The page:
355 pages, 1 b/w map
When a flash of pink was spotted in a cloud of gray gulls over Newburyport, Massachusetts, ten thousand people descended on the town in hopes of seeing a rare Ross's gull from Siberia. Among them were Pete and Linda Dunne, who set off from there on a year-long odyssey. Dunne has poured the most remarkable stories, birds, and characters into this unforgettable book about their once-in-a-lifetime adventure.
Foreword / Roger Tory Peterson
Introduction to the Mariner edition
1. Whippany, New Jersey: Birding with the Kid
2. Newsburyport, Massachusetts: River and Roots
3. Florida: In the Wader Pool (Getting Our Feet Wet)
4. Everglades National Park, Florida: Going to Snake Bight
5. Rio Grande Valley, Texas: The Valley
6. Baltimore, Maryland: The Pink Pukka
7. Mississippi, Alabama, Florida: Gulf Coast Spring
8. Point Pelee, Ontario: Impact at the Omega Point
9. New Jersey: The World Series of Birding
10. Attu, Alaska: Birding the Fringe
11. Arctic National Wildlife Refuge, Alaska: Birding Beyond the Ken
12. Manitoba, Canada: Have Bins, Will Travel
13. The Pawnee Grasslands, Colorado: Prairie Summer
14. Southeast Arizona: Eden's Desert
15. Monterey, California: Shearwater Journeys
16. Cape May, New Jersey: Birding's Migration Main Line
17. Hawk Mountain, Pennsylvania: The Endless Mountain
18. Sacramento Valley and Tule Lake, California: Storms of Wings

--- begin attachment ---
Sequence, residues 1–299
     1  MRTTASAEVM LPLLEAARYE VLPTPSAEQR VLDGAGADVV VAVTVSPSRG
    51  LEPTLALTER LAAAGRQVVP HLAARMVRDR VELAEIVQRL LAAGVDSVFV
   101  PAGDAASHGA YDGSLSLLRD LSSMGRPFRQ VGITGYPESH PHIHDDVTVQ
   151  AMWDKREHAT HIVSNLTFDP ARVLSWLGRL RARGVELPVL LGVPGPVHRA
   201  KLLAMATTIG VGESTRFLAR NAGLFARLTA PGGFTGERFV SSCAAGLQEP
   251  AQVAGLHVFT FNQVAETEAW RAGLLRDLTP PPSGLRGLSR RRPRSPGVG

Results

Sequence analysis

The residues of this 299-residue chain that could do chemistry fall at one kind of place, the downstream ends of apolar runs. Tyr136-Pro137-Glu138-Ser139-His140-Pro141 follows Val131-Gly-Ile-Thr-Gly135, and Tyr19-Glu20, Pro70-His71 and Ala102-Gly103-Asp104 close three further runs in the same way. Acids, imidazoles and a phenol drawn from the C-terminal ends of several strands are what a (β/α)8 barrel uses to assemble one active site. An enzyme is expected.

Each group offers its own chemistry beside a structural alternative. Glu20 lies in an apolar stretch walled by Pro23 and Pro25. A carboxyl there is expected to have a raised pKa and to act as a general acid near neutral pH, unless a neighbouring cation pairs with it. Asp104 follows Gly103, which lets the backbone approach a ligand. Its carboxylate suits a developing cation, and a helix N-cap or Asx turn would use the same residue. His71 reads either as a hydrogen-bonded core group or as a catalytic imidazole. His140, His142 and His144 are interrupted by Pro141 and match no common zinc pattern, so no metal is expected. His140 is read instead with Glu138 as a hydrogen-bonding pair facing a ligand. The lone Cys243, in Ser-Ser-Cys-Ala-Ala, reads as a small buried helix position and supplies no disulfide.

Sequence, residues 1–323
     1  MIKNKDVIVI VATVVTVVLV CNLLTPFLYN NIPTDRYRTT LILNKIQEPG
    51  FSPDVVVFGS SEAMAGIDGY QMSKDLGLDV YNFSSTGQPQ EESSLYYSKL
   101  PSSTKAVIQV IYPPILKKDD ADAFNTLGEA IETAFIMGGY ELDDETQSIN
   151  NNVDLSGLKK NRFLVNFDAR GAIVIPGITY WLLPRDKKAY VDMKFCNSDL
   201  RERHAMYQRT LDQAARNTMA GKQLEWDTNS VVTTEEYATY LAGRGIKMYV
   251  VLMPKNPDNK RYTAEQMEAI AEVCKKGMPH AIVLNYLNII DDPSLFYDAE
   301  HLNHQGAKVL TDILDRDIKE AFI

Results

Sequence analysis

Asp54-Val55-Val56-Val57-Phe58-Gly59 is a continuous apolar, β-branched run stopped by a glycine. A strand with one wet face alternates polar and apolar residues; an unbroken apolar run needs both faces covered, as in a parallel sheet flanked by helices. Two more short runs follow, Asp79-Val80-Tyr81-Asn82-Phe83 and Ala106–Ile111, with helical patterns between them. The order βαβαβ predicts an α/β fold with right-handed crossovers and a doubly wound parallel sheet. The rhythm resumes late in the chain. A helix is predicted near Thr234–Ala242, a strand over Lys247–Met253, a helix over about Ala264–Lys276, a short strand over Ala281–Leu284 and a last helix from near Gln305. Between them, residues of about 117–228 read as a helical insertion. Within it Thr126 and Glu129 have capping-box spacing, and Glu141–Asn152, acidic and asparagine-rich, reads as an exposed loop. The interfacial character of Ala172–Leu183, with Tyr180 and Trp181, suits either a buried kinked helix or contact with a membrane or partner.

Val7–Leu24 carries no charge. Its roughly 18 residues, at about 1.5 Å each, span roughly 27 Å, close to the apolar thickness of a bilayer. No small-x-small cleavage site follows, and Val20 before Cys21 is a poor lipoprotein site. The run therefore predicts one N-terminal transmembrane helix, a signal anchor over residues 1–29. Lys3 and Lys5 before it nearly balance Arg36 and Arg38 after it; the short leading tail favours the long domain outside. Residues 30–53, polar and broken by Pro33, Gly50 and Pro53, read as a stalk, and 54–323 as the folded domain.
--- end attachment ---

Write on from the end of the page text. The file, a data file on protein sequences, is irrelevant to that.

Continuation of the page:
19. Los Padres National Forest, California: Ghost Dancing on Mount Pinos
20. Old Lyme, Connecticut: Pilgrimage
21. Baldwin City, Kansas: Little Count on the Prairies
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Pete Dunne is the author of a dozen birding books, including Pete Dunne's Essential Field Guide Companion, The Art of Bird Identification, The Feather Quest, and Tales of a Low-Rent Birder. Birding ambassador with the New Jersey Audubon Society's Cape May Bird Observatory, he has written articles for virtually every birding magazine and for the New York Times. He lives in Cumberland County, New Jersey.
Roger Tory Peterson, one of the world's greatest naturalists, received every major award for ornithology, natural science, and conservation as well as numerous honorary degrees, medals, and citations, including the Presidential Medal of Freedom. The Peterson Identification System has been called the greatest invention since binoculars.